Saturday, November 10, 2012

Q & A - Living Off Grid (Part I)

Q & A -  Living Off Grid (Part I)
Copyright 2012 by Lori-Ann  Willey

We get alot of questions about our lifestyle, so a few weeks ago, I decided to publically ask our "Followers" on our Willey's Dam Camp Facebook Page to "ask away", and I would answer their questions in a series of blog entries.  If I did not cover your question, please read the list of previous blog entries at the bottom.  If you have more questions, feel free to ask, and I will answer them in another blog entry under that topic or below your question here or at the Facebook link above.  Thank you.
In April of 2004, we purchased our camp in which we quickly named, Willey’s Dam Camp due to its location between an old now submerged dam and a hydro dam below us.  We are a privately owned camp on leased land in unorganized territory in the northern Maine wilderness.  That means, our camp is located by coordinates and land plot references only, and that we do not actually own the land, but lease the rights to use three lots, while owning all structures upon those plots of land.

Our land plot name is T1R8, which stands for Township 1, Range 8.  Our camp sits on a clear, beautiful, and cold Millinocket Lake, and our view is of picturesque Mount Katahdin, Maine’s tallest peak.  The beginnings of it rest in the depths of the lake, and the summit is approximately 13 miles from our camp (as the crow flies).  There are other camps, but the lake averages about one camp for each mile of shoreline.  

Because our camp is “off the grid”, we have no power lines, LAN lines, or mail delivery services of any type, so we greatly rely on natural resources for our “electrical” needs.  I will get into our alternative power sources in another blog.

We chose to purchase this camp due to its seclusion.  Initially, we had no intentions of going to camp during the winter months simply because we did not own snowmobiles to get in that far.  Paul and I both grew up hunting and fishing, so we knew we wanted to be as secluded as possible, in the woods, yet able to fish.  This camp would provide both lake and stream fishing, and lots of wilderness.  We still are not as secluded as we would like to be, but with our aging bodies, Paul is disabled, and I am nothing short of a klutz, so we figure we are in far enough when all factors figured into the equation.  However, in our minds and hearts we would love nothing better than be deeply embedded in “no man’s land”.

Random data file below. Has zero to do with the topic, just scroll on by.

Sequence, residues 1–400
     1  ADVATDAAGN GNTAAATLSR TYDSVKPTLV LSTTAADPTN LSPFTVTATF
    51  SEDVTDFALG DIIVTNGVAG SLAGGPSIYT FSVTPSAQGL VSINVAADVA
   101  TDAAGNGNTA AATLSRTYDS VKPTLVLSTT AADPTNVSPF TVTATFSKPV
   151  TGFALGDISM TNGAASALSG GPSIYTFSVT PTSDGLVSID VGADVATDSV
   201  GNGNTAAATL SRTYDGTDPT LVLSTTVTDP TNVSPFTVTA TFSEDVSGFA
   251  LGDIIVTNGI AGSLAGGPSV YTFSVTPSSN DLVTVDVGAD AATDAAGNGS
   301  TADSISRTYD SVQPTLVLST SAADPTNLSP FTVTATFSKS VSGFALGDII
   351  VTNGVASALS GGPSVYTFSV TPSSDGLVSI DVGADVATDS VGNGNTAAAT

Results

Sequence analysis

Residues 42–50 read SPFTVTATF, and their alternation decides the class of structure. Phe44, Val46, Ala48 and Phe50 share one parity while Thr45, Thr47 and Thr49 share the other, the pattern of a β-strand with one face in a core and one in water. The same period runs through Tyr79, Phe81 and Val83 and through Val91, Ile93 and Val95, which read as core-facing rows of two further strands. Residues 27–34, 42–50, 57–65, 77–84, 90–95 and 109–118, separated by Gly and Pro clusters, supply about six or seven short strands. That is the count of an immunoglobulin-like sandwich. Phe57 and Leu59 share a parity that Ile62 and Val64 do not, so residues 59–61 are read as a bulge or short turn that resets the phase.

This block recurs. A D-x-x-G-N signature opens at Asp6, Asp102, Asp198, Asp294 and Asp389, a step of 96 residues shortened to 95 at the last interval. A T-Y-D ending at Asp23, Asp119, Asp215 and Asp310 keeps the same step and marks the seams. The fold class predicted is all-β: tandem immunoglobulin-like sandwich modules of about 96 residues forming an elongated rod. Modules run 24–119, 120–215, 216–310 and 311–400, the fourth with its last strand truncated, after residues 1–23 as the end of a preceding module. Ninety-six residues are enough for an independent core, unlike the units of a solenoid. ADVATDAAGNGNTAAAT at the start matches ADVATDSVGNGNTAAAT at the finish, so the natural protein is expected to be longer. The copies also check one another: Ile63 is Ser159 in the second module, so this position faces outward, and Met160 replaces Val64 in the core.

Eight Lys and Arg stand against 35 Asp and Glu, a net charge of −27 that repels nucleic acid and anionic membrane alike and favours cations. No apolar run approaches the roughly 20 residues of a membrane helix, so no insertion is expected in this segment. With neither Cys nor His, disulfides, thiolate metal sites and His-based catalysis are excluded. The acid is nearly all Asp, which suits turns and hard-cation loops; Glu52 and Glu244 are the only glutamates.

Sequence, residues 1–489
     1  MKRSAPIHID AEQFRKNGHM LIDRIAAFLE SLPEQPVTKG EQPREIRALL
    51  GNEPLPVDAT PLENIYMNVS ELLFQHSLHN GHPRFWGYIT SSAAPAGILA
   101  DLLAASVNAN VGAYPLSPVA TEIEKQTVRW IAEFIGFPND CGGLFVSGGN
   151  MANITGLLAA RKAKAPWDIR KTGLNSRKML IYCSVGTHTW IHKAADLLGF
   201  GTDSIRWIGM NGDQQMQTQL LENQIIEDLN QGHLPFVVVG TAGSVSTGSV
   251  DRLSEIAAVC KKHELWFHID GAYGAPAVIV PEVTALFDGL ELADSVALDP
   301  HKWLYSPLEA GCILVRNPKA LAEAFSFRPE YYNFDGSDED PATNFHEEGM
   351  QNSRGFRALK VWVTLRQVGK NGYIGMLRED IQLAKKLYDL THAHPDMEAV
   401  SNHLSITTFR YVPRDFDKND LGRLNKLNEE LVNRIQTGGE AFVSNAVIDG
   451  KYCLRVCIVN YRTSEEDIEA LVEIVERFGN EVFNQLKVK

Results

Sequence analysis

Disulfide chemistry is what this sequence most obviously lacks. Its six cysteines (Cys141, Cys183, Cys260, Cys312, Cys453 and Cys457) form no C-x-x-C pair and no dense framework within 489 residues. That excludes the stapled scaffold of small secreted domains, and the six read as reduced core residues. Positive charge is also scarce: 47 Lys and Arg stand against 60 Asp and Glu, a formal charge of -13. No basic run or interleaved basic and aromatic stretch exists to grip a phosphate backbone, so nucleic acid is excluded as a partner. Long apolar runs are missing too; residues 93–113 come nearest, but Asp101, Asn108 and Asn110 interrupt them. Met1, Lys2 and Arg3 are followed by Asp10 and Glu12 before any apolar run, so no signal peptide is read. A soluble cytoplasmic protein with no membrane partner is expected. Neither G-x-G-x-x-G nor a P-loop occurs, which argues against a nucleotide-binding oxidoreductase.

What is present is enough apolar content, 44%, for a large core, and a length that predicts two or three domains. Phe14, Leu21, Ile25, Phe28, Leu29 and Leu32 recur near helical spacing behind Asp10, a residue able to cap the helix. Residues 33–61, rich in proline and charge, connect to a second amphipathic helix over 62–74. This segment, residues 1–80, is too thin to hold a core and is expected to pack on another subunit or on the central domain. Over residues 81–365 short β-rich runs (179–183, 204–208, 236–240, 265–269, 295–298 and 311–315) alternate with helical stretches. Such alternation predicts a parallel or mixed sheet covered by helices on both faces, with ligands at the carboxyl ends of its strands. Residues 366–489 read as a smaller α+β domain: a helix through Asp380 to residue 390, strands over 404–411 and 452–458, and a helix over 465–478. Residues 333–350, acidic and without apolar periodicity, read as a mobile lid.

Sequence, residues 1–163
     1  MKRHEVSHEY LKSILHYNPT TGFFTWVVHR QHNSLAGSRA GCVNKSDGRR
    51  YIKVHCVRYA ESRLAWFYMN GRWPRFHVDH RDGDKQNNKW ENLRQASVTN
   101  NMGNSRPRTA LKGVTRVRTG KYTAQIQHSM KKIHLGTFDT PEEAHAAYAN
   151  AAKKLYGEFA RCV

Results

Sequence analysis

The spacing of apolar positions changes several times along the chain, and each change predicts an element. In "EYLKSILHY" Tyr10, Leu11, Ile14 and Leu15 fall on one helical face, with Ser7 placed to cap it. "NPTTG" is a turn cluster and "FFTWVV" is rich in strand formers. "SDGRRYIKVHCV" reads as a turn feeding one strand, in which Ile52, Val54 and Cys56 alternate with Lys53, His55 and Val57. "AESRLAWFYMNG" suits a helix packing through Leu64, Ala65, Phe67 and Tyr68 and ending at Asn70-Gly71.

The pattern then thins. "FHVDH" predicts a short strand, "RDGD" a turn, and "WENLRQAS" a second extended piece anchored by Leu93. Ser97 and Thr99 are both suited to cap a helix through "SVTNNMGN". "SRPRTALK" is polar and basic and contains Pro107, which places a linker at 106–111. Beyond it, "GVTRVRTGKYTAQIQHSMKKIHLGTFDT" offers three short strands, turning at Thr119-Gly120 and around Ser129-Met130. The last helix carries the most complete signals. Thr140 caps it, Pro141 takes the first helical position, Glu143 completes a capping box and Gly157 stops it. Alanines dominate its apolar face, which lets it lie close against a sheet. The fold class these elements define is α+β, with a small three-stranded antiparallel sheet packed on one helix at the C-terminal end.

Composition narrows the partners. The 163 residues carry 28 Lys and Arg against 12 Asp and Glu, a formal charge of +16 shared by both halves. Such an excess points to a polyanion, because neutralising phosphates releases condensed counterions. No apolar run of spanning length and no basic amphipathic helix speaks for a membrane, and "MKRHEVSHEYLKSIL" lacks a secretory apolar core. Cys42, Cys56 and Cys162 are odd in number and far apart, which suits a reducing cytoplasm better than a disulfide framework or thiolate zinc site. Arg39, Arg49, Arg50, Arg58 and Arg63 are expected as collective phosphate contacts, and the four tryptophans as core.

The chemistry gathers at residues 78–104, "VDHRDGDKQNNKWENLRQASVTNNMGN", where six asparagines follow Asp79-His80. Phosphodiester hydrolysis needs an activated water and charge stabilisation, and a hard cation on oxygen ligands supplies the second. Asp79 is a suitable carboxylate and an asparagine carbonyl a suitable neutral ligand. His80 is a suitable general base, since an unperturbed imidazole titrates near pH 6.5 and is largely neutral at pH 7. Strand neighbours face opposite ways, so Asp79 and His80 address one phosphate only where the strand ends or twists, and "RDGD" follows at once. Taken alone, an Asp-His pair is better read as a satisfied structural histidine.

Because there are no mail services, we have a Post Office Box in the nearest Town of Millinocket.  We go there for our gas, groceries, supplies, etc.  Due to our location, needed supplies can be hard to come by.  Often, when we venture to town, we try to get everything we can in one trip, but that means visiting several different stores, and often not being able to find a needed item, so it is easier for Paul to order it online and have it shipped to our friends in town, or to our daughters house two hours south.  We usually chose to send shipments to our daughters, but sometimes necessities cannot wait and that is when we rely on our friends in Millinocket and Medway.  These friends are very good to us, and we are always thankful. 

We do get covered by emergency services, if they can find our location, but it often takes a minimum of two hours for them to reach us, and  sometimes several calls along the way for further instructions or clarification that they are on the right “path”, they finally arrive at camp.  Sometimes, however, we simply get a callback over 21 hours later.  Therefore, any real emergency and we are pretty much “shit out of luck”.  I have been hurt a few times where I needed medical assistance, but I am too stubborn and prideful to call that 911 number due to an injury that is not life threatening.  I do not consider a broken leg or ribs a 911 call despite being the only driver.  Stubborn, maybe, but I feel that if I do not call 911, then I also do not need to seek medical assistance for those breaks on my own either.  I am pridefully stubborn, I know.  I have been told that all my life.  At some point, one would think I would learn a lesson or two along the way, but I do not.  Some of my injuries were covered in previous blogs.